Press Releases

Press releases are archived according to their release date. For press releases by topic, please see the Issue Positions page.

Washington, DC— Today, US Senators Orrin Hatch (R-UT) and Patrick Leahy (D-VT), both former Chairmen of the Senate Judiciary Committee, introduced the Arts Require Timely Service Act (ARTS Act), a bill that would require US Citizenship and Immigration Services to provide premium processing (15-day turnaround) free of charge for any arts-related O or P visa petition that it fails to adjudicate within 14 days as required by law. 

 “Utah’s performing arts enrich our state and culture,” said Hatch. “Unfortunately, when our orchestras and theater companies seek to host performers from other countries, they often run into delays and other problems with visa processing. This increases the cost of hosting visiting performers, and in some cases, can even lead to postponement or cancellation of long-planned events. The Artists Require Timely Service Act, or ARTS Act, will simplify visa processing for such performers so that our performing arts groups can have greater certainty as they seek to bring world-class artists to our state.”

 "The ARTS Act ensures that organizations like the Vermont Symphony Orchestra can tap global talent and fully engage in international cultural exchange without arbitrary and unnecessary government restrictions and delays,” Leahy said.  “Visiting artists enrich our communities, and it is high time that we create a permanent solution for this problem.” 

Statements of Support 

Scott Barrick, General Manager of the Mormon Tabernacle Choir:
“The Mormon Tabernacle Choir frequently invites international guest artists to join us on historic Temple Square in Salt Lake City for live concerts filled with extraordinary and inspiring music. These concerts are later shared with audiences across the United States and around the world.  We encourage legislators to support adoption of the ARTS Act because the improvements to the artist visa process are so critical and necessary. They will make welcoming renowned international artists to our performances so much easier and less costly. As a result, our ability will increase to bring the joy, peace, and healing of music to those so desperately in ne
ed of it in the world today.”


Click to watch the Mormon Tabernacle Choir perform “Blades of Grass and Pure White Stones,” composed by Senator Hatch. Via YouTube

Frank Mack, Executive Producer, Utah Shakespeare Festival:

"The arts by nature are collaborative and the ability to interact with artists worldwide is essential. The Utah Shakespeare Festival collaborates with many organizations such as the Royal Shakespeare Company, and the Shakespeare Theatre Association 2019 annual conference will be hosted in the Czech Republic. Shakespeare's voice transcends borders. His plays serve as a perfect example of why arts producers in the U.S. need a visa policy that will enable us to give our audiences performances that reflect the global nature of art." 

Paul Meecham, President and CEO, Utah Symphony | Utah Opera:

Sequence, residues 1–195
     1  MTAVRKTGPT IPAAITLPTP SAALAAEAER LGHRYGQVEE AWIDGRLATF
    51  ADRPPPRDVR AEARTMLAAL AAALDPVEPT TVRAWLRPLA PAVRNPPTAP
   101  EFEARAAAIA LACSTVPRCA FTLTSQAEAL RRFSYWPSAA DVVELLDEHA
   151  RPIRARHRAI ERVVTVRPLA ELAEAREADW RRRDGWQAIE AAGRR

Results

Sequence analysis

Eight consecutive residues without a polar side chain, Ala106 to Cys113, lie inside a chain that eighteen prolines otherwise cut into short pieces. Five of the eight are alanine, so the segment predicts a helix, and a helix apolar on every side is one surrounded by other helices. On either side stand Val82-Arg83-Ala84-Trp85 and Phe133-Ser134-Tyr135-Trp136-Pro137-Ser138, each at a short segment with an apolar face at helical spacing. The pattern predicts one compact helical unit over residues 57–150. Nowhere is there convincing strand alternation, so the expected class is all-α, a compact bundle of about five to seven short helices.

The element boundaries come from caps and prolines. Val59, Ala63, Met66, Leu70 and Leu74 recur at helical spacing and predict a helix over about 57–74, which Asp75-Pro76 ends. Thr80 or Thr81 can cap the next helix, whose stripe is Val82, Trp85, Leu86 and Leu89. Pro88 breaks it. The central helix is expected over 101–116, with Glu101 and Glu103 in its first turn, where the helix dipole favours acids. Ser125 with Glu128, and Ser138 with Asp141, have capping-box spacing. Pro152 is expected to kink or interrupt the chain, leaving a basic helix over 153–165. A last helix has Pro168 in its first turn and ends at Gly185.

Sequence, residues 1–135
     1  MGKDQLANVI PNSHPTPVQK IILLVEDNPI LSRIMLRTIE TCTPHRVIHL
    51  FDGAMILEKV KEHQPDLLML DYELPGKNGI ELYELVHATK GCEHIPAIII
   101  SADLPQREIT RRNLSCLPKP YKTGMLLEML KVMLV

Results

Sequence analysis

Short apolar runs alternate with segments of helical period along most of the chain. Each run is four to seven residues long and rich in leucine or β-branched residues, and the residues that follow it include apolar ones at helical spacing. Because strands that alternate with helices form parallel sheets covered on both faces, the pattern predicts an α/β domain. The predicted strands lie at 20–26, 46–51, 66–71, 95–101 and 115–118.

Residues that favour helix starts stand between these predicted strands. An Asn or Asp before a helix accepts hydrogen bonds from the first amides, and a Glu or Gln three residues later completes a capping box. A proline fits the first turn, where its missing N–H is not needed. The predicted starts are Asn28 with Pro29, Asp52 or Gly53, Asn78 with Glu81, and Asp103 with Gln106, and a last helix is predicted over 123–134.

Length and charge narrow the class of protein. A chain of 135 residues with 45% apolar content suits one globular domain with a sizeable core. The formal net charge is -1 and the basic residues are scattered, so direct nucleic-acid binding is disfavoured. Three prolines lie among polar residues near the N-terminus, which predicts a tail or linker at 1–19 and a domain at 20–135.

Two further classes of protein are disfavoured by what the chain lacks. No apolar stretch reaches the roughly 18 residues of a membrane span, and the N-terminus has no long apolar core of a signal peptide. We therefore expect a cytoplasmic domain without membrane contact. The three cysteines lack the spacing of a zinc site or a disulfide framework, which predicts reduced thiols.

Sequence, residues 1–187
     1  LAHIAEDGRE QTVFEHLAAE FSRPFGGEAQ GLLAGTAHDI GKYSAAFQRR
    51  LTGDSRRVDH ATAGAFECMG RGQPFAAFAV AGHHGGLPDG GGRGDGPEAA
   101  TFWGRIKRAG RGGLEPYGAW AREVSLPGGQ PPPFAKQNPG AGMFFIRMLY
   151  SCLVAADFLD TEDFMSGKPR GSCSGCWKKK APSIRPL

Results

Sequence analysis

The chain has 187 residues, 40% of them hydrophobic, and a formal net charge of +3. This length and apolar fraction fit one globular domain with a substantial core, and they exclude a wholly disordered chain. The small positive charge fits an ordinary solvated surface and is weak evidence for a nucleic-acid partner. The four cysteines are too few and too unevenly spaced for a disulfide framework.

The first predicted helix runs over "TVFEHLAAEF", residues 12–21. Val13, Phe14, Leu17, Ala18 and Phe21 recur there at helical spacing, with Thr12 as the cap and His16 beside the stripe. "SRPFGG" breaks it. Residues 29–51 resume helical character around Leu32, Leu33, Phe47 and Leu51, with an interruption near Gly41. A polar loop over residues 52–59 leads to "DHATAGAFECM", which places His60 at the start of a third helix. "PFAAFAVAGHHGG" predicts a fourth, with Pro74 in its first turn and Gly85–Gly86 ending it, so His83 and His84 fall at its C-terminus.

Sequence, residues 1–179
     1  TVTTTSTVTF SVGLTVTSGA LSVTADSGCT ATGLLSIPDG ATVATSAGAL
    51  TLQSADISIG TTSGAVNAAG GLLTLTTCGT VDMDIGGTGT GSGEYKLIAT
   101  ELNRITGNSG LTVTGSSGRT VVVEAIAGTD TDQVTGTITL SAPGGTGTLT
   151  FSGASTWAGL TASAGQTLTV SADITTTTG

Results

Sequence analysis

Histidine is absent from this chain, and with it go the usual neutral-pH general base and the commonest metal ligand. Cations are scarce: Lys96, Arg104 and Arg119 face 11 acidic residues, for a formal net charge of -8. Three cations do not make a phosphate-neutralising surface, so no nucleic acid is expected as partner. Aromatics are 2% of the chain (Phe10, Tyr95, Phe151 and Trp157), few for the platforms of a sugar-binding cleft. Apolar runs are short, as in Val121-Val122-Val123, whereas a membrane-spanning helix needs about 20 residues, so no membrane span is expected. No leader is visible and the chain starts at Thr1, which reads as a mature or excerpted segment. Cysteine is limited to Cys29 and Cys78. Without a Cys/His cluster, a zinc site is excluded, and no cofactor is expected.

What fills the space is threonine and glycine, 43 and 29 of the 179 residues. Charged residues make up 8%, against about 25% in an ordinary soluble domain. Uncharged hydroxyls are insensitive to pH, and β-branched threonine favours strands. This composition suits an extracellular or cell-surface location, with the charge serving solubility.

“As a full-time, nationally-renowned organization in which the engagement of first-rate artists from around the world is paramount to our mission, the ARTS Act will help nonprofit arts organizations serve audiences by making the artist visa process far more consistent. It will enable our organization to finalize contracts and schedule programming in a timeframe that is critical to securing top artists in demand and realizing complex projects. With more certainty of this process, we can continue to enrich programming for our annual audiences of over 350,000, and attract the elevated quality and diversity of guest artists that our audiences have come to expect.” 


  • Nonprofit arts organizations from all regions of the country and in communities of all sizes engage foreign guest artists. In towns and cities across the United States, orchestras, theatres, and dance and opera companies present international artists to US audiences.
  • Following significant delays, errors, and unpredictability in visa processing, some US-based nonprofit arts organizations have been forced to stop engaging international artists. These organizations have determined that they are unable to bear the financial risk, and administrative burden associated with artist visa processing.
  • Nonprofit arts organizations often cannot afford the Premium Processing Service (PPS) fee of $1,225 per petition. The PPS fee reduces the amount of money available for a production or performance and can represent a significant portion of an organization’s operating budget and the costs associated with a production or performance. 
  • The ARTS Act applies only to temporary, nonimmigrant visas for foreign artists visiting the United States. O and P visas do not add to the number of individuals permanently living and working in the United States.
  • Congress recognized the time-sensitive nature of engaging visiting artists when it enacted the 1991 federal law on O and P visas. The 1991 law instructs USCIS to process O and P arts visas in 14 days. This mandate has never been implemented by USCIS.
  • The ARTS Act would require USCIS to provide premium processing free of charge for any arts-related O or P visa petition filed by a nonprofit arts organization that USCIS fails to adjudicate within 14 days.